Ernest Chausson: Piano Quartet in A
A student of Jules Massenet, French Romantic composer Ernest Chausson wrote a number of highly-regarded works before his untimely death at age 44. Amongst these works is his Op.30, a Piano Quartet in A major, which encapsulates the Romantic stylings of the time, as well as showcasing the true artist that Chausson was.
Set into four unique movements, Chausson’s Piano Quartet challenges the ensemble in a number of different ways.
Movement I – Animé
The opening movement is set with an exciting tempo initiated by the piano. The strings interrupt with chords before the melodic lines are then passed around the ensemble. The music is youthful and perky, with the main theme bumbling between the instruments. Big eaves of sound permeate the texture as Chausson writes ensemble swells that play against the much quieter sections. The drama heard in the central section is quintessential Romantic era music, with the dynamic drive adding to this effect. After the elongated development section, the opening movement concludes quietly.
Movement II – Très calme
The lyrical second movement is a real gem, with Chausson’s rich harmony and textures coming to the forefront of the music. Based around a small kernel of melody, Chausson layers the instruments in, starting with the violin, then moving to a duet, then with added piano and so on. The piano gets a very exposed part throughout this movement, with the changes in the harmony often being initiated here. As the intensity builds and the ensemble grows as a unit, the music becomes darker in character. The heart-wrenching string lines are a highlight of this movement, with Chausson’s melodic writing really shining through. Similarly to the previous movement, this movement also ends quietly.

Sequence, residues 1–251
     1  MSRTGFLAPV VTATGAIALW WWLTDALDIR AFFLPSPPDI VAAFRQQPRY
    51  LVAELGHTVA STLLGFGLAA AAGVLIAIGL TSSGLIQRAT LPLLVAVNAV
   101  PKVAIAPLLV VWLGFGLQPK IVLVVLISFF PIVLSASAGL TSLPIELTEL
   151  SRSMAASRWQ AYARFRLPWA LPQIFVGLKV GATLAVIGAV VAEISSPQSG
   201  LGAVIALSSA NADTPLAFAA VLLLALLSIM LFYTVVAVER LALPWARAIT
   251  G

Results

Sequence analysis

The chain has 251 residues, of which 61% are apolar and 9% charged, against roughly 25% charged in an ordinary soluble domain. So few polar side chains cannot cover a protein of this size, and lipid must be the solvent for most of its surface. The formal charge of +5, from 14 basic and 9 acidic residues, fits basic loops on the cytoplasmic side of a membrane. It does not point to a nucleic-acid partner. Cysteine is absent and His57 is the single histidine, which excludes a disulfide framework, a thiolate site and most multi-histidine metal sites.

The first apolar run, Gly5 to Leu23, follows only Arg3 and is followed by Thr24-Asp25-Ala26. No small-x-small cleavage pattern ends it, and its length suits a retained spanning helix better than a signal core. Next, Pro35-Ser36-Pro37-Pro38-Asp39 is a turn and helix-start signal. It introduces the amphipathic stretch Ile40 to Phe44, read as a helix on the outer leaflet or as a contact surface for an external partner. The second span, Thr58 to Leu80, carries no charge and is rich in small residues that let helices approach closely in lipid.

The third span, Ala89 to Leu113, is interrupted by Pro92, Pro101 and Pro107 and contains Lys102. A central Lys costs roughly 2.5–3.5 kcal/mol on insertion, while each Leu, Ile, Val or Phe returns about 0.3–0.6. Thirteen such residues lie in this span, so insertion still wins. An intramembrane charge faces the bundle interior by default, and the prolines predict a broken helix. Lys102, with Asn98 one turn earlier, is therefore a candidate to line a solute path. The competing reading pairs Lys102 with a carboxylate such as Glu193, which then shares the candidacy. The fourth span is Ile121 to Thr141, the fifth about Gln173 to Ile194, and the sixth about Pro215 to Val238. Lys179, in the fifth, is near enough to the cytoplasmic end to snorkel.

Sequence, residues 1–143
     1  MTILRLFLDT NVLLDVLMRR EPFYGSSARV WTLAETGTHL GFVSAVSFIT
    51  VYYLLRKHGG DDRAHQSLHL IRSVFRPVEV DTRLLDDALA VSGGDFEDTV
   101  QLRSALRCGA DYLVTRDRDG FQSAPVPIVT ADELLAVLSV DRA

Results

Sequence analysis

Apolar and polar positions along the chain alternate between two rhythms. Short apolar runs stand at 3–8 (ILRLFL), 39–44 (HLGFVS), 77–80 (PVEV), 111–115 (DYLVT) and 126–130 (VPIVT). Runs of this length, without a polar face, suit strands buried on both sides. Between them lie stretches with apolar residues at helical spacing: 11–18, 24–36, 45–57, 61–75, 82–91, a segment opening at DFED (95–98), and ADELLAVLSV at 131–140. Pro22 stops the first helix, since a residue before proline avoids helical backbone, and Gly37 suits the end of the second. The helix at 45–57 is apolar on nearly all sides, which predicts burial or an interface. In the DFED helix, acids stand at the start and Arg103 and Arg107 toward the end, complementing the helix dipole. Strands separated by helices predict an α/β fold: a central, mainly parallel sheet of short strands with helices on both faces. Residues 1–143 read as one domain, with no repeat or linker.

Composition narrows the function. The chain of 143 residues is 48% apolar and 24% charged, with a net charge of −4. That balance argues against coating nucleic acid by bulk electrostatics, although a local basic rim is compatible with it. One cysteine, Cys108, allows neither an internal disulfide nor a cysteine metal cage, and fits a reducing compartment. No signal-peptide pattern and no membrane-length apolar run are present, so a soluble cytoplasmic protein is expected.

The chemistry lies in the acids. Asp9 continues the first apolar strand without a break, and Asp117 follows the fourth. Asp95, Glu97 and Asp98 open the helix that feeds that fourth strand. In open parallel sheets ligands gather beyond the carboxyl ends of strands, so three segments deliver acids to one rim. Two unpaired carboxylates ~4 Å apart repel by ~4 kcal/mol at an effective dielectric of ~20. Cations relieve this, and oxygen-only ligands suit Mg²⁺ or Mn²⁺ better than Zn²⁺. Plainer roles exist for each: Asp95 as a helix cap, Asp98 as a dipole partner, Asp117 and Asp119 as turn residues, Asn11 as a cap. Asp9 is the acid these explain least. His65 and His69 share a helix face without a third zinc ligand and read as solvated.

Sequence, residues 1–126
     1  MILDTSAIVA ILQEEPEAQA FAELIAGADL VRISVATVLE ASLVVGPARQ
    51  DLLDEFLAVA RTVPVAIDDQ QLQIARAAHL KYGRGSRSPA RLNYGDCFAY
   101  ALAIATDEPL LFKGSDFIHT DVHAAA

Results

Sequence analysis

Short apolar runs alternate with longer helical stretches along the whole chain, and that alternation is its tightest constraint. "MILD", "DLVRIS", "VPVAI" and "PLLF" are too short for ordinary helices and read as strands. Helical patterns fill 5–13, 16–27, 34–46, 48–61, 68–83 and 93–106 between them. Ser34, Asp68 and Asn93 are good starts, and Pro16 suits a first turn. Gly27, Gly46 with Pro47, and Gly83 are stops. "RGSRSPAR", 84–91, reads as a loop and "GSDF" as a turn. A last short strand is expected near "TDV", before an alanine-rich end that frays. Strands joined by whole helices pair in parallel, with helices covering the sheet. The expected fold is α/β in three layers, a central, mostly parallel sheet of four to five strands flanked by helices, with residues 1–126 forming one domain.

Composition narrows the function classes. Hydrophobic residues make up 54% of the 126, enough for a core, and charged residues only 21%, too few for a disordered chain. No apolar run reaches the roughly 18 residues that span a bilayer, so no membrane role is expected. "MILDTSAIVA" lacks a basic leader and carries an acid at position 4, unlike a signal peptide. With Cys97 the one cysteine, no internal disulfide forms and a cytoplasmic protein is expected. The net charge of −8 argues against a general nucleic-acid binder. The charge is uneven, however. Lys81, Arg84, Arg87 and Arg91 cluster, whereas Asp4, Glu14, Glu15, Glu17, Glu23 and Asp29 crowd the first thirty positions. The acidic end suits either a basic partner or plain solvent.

Movement III – Simple et sans hâte
The short third movement is light in character and simple in its presentation. A lyrical melody is accompanied by a sporadic accompaniment, which is passed around the ensemble. The climactic central section sees the ensemble working together to create waves of sound that are controlled but effective. This sweet movement ends with a final tutti chord that is embellished by the piano.
Movement IV – Animé
The frantic finale movement opens with a chaotic piano theme that is soon shadowed by the strings. The intensity is high and the driving tempo adds to the sheer excitement of the music. Throughout this long movement the ensemble dig up old melodies, with the lyrical second movement theme taking up a large section of the movement. The quick changes between the fast and slow sections leaves the listener wondering where Chausson will go next. As the music presses on the end comes into sight. After a quick lyrical string duet, the music becomes awash with four moving parts that soon align for a final flourish before the conclusion of this fantastic Piano Quartet.
Ⓒ Alex Burns